College students are known for being perpetually broke, but that doesn’t mean that they have nothing worth stealing.
Students are often targets for identity theft, and while they’re not more likely to get their identities stolen than any other age group, they’re disproportionately unconcerned about the threat.
The FTC’s Consumer Sentinel Network, which collects data about consumer complaints including identity theft, found 18% of the people who experienced identity theft in 2014 were between the ages of 20 to 29.
That added up to 37,568 complaints over the course of the year, which is roughly equivalent to what other age groups reported.
But compared to the average victim of identity theft, young people were three times less likely to discover the fraud themselves, Javelin Strategy & Research found. Twenty-two per cent of students only discovered their identity had been stolen after a debt collector contacted them, or they were denied credit.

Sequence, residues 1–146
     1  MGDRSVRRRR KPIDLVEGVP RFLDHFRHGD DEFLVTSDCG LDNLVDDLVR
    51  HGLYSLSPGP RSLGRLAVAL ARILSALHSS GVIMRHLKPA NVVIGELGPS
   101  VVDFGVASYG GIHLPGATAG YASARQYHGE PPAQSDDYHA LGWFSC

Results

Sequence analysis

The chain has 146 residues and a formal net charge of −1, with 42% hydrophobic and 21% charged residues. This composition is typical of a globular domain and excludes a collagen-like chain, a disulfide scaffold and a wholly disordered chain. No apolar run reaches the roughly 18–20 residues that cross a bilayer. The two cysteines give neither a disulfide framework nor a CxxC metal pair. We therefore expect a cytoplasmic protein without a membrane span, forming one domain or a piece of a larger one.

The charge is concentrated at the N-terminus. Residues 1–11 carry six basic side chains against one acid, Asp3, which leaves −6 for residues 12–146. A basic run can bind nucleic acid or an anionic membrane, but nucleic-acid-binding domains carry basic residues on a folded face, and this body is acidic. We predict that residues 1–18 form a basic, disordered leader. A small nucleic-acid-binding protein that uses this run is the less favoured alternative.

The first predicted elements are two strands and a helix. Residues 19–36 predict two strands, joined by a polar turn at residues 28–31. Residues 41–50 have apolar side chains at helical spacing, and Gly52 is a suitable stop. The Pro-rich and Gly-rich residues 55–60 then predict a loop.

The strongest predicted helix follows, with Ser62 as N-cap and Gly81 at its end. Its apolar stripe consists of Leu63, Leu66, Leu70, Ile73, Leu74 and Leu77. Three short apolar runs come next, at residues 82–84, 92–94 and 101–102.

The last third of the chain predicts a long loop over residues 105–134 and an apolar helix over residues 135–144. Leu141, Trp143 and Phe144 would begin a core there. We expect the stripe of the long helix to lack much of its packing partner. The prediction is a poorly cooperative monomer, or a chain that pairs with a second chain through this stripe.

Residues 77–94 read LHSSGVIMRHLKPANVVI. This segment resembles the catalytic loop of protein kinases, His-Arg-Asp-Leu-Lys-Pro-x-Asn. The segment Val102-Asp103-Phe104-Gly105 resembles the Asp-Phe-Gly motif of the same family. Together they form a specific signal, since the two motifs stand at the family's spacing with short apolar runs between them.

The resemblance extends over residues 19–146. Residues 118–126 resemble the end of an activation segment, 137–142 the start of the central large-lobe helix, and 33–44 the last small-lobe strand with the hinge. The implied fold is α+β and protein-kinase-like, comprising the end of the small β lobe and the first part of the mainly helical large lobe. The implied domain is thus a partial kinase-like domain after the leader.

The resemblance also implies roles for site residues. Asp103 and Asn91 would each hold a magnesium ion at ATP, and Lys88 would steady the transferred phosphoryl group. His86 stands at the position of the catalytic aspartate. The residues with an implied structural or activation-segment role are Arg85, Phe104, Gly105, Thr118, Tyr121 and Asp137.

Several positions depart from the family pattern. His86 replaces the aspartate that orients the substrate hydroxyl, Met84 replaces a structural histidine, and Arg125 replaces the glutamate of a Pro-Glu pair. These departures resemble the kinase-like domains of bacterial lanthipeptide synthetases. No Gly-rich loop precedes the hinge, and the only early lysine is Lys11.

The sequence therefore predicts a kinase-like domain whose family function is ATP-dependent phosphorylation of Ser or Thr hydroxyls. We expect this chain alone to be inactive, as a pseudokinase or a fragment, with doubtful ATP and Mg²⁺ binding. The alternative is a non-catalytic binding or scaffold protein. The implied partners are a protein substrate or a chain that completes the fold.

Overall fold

Disturbingly, the people who are stealing their personal information are often friends, family, or acquaintances. Students were four times more likely to be the victim of “familiar fraud,” Javelin’s 2015 Identity Fraud Study notes.
Despite these alarming statistics, identity theft isn’t on many young people’s minds.
Sixty-four per cent of students told Javelin researchers that they were “not very concerned” about fraud — more than in any other age group.
Protecting yourself against potential fraud doesn’t have to be difficult — or expensive. Here are six free ways to prevent identity theft, and three simple habits that will help safeguard your personal information.